The Usual Suspects That Can Cause Issues with AD Communications, long logon times, etc


Here is a summarized list of possible causes, but NOT limited to:


  1. Single label name Active Directory DNS domain name (extremely problematic).
  2. SRV records missing. This can be due to DNS or network interface card (NIC) mis-configuration.
  3. Disjointed namespace.- AD domain name doesn’t match the Primary DNS Suffix and/or the zone name.
  4. Using an ISP’s or some other DNS server that is not hosting the AD zone or that doesn’t have a reference to it, in IP properties of the DCs and clients.
  5. DHCP Client service disabled on the DCs (a required service even if statically configured)
  6. DCs are possibly multihomed. A multihomed DC has more than one unteamed NIC, more than one IP and/or RRAS installed such as for VPN purposes, which makes it problematic if not configured properly (more info on this below).
  7. A third party firewall or security application is installed blocking traffic.
  8. Antivirus software blocking functionality
  9. Antispyware blocking functionality

 


AD & DNS Configuration


When I’ve visited a customer site to fix issues and noticing the DNS entries are incorrect on the DC(s), upon interviewing the parties involved that had configured the machines, simply stated they were not aware of this requirement.


Usually it simply comes down to a simple misunderstanding of AD and how DNS works, as well as the Client Side Resolver Service.  Some ISPs will tell their customers that they need to use the router as a DNS address, or that they need to use their DNS servers out on the internet, or they warn them that they will not resolve internet names. The ISP customer service reps are not well versed with how AD and DNS works, and frankly provide misguided advise.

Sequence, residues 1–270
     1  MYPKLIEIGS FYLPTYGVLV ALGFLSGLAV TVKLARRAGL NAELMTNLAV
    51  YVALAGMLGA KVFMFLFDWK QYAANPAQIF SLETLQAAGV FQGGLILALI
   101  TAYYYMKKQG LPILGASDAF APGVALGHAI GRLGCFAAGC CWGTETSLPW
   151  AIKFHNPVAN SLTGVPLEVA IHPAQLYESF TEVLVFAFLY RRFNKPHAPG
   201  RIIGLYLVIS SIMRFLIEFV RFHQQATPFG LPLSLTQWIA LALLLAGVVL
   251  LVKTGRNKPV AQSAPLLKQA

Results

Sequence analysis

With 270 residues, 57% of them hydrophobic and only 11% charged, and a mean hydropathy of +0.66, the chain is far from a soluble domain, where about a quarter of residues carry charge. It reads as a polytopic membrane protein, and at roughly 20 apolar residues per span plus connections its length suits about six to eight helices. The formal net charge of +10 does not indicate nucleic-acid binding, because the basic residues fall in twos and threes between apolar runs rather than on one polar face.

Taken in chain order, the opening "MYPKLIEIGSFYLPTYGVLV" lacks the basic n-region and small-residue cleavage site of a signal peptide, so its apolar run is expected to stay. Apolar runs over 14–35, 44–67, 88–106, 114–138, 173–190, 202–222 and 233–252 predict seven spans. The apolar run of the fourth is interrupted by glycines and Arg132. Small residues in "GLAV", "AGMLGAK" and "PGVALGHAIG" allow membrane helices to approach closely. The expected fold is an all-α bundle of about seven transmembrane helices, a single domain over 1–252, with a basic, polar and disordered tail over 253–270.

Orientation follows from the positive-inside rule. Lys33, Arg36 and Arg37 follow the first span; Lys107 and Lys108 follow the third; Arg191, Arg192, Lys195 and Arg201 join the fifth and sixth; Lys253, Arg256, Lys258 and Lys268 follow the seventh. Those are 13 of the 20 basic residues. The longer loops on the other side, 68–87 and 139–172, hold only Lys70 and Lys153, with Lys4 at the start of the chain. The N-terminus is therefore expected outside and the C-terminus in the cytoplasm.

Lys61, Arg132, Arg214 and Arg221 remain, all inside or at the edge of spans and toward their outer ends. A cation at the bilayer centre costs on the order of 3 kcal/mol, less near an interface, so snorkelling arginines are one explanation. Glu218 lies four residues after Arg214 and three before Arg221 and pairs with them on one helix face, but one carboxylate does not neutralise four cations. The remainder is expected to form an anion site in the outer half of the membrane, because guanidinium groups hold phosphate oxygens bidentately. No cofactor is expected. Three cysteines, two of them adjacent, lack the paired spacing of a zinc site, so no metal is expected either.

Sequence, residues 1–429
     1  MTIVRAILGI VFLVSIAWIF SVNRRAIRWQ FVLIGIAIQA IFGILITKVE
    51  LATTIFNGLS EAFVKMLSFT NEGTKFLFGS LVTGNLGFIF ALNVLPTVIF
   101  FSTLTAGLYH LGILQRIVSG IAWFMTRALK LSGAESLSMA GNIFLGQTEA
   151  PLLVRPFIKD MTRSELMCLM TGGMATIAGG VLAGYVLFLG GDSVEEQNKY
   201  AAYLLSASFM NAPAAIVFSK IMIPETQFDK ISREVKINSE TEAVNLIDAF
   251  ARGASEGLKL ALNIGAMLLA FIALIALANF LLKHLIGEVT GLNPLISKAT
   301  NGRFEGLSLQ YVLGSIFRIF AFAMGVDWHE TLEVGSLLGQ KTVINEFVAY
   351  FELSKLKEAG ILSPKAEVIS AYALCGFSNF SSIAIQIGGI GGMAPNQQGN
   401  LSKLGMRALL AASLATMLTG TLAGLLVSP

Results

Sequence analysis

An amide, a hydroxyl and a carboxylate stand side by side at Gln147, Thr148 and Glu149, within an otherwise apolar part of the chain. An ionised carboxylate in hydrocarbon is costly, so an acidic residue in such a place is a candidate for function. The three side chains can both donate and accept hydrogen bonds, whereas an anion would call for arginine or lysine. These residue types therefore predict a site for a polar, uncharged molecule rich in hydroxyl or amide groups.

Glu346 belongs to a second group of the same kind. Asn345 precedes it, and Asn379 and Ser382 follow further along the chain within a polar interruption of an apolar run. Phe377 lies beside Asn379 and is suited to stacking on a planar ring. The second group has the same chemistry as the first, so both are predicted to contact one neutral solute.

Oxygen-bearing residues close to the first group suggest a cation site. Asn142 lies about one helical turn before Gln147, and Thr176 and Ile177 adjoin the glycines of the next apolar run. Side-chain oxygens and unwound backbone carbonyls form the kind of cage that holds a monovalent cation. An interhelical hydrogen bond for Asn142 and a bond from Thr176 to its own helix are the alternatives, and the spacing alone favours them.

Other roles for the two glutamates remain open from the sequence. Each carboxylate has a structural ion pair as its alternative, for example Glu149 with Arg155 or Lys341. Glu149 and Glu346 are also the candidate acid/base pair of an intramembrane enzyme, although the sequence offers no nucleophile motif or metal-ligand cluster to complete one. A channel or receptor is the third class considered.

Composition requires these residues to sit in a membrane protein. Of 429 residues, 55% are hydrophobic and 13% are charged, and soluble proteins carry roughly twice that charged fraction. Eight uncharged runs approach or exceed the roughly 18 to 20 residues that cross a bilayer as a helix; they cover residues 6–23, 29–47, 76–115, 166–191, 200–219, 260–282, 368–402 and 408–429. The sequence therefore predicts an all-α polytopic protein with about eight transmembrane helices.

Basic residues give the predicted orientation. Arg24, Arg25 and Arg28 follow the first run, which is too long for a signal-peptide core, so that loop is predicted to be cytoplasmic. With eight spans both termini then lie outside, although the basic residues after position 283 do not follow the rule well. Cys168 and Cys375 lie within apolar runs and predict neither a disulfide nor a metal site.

Keep in mind, if a DC goes down for whatever reason, or simply not be available because the clients can’t “find” the DC,, so will your Exchange server, AD domain functions, mapped drive access, printer access, etc. If the DC actually went down, such as hardware failure, this is a worst case scenario and wouldn’t matter to config your machines with the ISP’s DNS. If you need, you can configure your own workstation to the ISP’s during such a crisis in case you need outside communication to research the problem, but you must change it back to your internal DNS once you’re done researching the issue and/or you’ve fixed the problem.


 


 


FYI about AD, DNS, authentication, finding the domain, GPOs, RPC issues,ISP’s DNS servers, etc


Active Directory stores it’s resources and service locations in DNS in the form of SRV records (those folder names with the underscores in them). These records are used for a multitude of things, such as finding the domain when a client logons, domain replication from one DC to another, authentication, and more. 


If the ISP’s DNS is configured in the any of the internal AD member machines’ IP properties, (including all client machines and DCs), the machines will be asking the ISP’s DNS ‘where is the domain controller for my domain?”, whenever it needs to perform a function, (such as a logon request, replication request, querying and applying GPOs, etc). Unfortunately, the ISP’s DNS does not have that info and they reply with an “I dunno know”, and things just fail. Unfortunately, the ISP’s DNS doesn’t have information or records about your internal private AD domain, and they shouldn’t have that sort of information.


Therefore, with an AD infrastructure, all domain members (DCs, clients and servers), must only use the internal DNS server(s).


If for instance a user wanted to log on, part of the logon process involves the machine to find where the DCs are. The machine will ask DNS, “Where is my domain controller?” If the machine is properly set to use only the internal DNS servers, it will be able to respond with an answer, thus the user can logon.